Second, it helps Enes Kanter considerably. Kanter has allegedly slid a bit on draft boards because, well, he hasn't played anyone in a long time. Trying to figure out how good he is is like looking at a picture of a car on the internet. You don't even know if the thing is three-dimensional. With Valanciunas not available for immediate help, Kanter becomes the top Euro big in the draft, the top center overall. Expect there to be even more talk about the Cavaliers taking Kanter with the No.4 pick.

Valanciunas could still get picked up by a team with long-term prospects, like Utah, which is clearly willing to wait for things to develop. Someone in the top 10 will swallow the extra year on Valanciunas who will only be 20 when the 2012 season begins. But in a draft rife with disappointment, this is certainly an extra tough pill to swallow for those top-five teams looking to grab an impact player. 

There's still a chance Lietuvos Rytas could back down from its demands but with two days to go before the draft, they hold all the cards here.
Posted on: June 14, 2011 5:42 pm
Edited on: June 14, 2011 5:47 pm
 

CBS Draft Special: A Q&A with Eddie Jordan



Posted by Matt Moore

CBS Sports Network provides coverage of the NBA Draft with a series of three one-hour shows previewing the Draft from the professional and college perspectives. The shows, INSIDE COLLEGE BASKETBALL: DRAFT SPECIAL, feature Steve Lappas, Wally Szczerbiak and Alaa Abdelnaby, insider Jon Rothstein, along with guest analysts Walter Szczerbiak, an international scout and the father of Wally, and former NBA coach Eddie Jordan. Monday's episode on the top prospects will re-air Tuesday night at 7 p.m. EST, followed by a brand new episode on the sleepers of this draft at 8 p.m. EST. Wednesday night all three episodes will air with a look at how the draft will affect college basketball next season.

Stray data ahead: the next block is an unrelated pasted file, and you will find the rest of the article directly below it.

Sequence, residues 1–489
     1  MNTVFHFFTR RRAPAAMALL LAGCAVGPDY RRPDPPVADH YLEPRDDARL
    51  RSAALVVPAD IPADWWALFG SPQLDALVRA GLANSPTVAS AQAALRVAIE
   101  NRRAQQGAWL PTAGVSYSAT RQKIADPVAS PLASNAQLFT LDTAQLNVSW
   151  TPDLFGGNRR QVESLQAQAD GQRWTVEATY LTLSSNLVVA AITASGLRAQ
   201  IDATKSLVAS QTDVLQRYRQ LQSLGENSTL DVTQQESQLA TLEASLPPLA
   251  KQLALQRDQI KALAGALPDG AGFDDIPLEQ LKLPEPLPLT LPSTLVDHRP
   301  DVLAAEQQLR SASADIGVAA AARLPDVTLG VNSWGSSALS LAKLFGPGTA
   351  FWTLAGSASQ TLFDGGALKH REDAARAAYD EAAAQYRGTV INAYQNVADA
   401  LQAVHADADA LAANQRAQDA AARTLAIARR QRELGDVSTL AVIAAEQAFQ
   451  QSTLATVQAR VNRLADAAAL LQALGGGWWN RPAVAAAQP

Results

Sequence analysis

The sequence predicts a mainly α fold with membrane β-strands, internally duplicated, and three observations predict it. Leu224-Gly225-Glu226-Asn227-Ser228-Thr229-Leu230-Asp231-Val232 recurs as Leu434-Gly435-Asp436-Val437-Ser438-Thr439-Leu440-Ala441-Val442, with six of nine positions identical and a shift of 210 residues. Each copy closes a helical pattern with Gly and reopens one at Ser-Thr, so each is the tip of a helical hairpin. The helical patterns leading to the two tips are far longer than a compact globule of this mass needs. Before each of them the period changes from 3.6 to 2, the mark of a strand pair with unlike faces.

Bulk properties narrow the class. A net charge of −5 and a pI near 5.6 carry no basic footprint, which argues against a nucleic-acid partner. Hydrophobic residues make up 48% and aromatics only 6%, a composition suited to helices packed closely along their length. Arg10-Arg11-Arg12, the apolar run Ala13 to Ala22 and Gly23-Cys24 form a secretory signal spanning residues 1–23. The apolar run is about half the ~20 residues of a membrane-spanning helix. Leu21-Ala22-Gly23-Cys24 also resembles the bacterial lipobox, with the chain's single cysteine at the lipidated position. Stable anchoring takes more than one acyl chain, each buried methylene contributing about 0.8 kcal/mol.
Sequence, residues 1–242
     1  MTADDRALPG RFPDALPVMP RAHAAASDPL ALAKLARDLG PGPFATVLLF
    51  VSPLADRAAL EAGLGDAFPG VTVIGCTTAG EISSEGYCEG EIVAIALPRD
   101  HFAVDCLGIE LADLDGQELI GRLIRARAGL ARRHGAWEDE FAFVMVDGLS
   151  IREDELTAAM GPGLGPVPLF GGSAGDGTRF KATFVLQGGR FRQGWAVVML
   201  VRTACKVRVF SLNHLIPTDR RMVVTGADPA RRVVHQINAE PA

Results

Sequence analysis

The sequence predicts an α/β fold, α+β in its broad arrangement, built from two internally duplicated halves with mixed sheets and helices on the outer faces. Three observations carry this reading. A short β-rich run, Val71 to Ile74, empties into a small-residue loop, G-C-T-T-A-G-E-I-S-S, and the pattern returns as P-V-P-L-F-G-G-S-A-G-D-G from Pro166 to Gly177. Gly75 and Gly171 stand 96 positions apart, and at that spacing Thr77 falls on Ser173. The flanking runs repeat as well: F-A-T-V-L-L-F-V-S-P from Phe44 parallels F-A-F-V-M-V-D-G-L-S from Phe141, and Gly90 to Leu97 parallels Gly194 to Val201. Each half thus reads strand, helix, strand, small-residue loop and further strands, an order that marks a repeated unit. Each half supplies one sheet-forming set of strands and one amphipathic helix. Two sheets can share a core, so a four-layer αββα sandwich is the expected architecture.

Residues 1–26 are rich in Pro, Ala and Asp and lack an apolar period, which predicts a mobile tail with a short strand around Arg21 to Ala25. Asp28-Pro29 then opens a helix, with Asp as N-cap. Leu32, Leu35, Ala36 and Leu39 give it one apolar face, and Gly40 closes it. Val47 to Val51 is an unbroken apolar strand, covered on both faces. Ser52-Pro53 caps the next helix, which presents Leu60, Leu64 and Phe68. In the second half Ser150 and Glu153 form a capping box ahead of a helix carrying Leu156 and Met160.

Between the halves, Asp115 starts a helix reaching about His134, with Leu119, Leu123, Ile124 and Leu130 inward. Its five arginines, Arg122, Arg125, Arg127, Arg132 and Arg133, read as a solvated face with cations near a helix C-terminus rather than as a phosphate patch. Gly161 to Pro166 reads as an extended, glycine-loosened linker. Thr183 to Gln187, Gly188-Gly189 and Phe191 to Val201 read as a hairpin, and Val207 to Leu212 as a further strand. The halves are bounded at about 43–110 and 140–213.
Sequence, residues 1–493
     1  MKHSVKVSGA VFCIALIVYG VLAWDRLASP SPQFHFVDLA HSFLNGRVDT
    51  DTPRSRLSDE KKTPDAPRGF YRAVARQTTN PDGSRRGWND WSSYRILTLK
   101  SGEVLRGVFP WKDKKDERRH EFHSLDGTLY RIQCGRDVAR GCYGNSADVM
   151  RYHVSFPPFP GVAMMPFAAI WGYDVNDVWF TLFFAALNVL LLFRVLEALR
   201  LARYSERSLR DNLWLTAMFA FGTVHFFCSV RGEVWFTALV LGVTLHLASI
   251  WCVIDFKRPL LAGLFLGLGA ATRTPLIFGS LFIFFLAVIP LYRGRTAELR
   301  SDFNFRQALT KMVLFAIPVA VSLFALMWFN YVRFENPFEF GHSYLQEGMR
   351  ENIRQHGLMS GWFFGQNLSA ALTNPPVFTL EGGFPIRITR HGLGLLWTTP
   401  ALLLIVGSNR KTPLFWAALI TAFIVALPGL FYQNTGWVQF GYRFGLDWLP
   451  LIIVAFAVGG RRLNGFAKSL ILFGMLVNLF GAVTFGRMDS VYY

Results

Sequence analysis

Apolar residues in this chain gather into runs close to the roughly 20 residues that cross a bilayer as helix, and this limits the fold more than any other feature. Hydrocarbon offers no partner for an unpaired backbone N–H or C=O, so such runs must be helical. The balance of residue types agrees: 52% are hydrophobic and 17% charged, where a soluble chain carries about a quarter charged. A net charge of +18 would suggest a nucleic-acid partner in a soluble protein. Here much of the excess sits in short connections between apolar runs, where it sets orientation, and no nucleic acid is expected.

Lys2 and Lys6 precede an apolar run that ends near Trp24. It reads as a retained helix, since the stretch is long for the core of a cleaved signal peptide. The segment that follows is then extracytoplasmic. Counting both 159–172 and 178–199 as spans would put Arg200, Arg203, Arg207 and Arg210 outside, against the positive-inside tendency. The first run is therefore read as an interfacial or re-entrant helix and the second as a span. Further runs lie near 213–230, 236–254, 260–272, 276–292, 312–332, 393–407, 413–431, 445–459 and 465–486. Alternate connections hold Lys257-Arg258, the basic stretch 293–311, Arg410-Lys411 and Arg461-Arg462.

Tuesday morning I spoke with former Wizards and Sixers coach Eddie Jordan and got his thoughts on the draft prospects and the process that goes on in the war rooms before the draft. 

Matt Moore: Bismack Biyombo was a name that had been high on everyone's list, but a poor workout has dropped him several spots. With guys that don't have a collegiate track record to fall back on, how important are these workouts?

Eddie Jordan:  Sometimes, maybe most times, the workout are overexaggerated. If you have a body of work over three years, and you've played at a high level, that can help. But even if you don't, if the workout doesn't blow you off your feet, you still see how a kid approaches his workout, they see enthusiasm. These guys have the experience and can see what a player brings to the table. There's a saying that's used,  "The NBA doesn't lie." If enough people can see you've got what it takes, it will show. 

MM:  If we're looking at a guy with a body of work, I think Josh Selby is an interesting case. He obviously comes from a high-pedigree environment with Bill Self, but didn't get playing time and there were character issues. On the other hand, his workouts at Impact in Las Vegas were from all accounts very impressive. Where does Selby fit in this draft? 

EJ: You know, he's very young. He's a kid that with all the issues, people may take a chance. You are who you are. If you've had issues for a year or two as a teenager, they're going to resurface in the NBA. Some guys will say "we have a support system for him here, he needs this, he needs that." I'm not syaing this is truth. He's a young kid, he played on a terrific team with other good players. I have him lower first round. if he goes up higher, it's becaust that team feels they can give him a support system.

MM: What's an example of where a workout didn't show the true value of a player? 

EJ:  First that comet to mind is Kenyon Martin. He had an awful workout, I think he only went 15 minutes (laughs). And he was the first pick in the draft. I've seen guys with poor workouts and great workouts. Again, you can get more from the workout that just the pure result. 

MM: So often teams are looking for guys with upside. But I feel like Kawhi Leonard is a guy who can make an immediate impact. He's polished. He's ready to go. What are your thoughts on what Leonard brings to the table off the bat? 

EJ:  He's a player who will make an immediate impact. He's a guy who's going top 15. When a lottery team drafts a player, they want to see an immediate impact. They don't want to draft a project. Unless you look at Detroit drafting Darko. They could say "He's 6-11, we can wait on him." Not many of those teams in the lottery this year. But Leonard can come in right away and do things for your team, and that's really valuable in those lottery picks.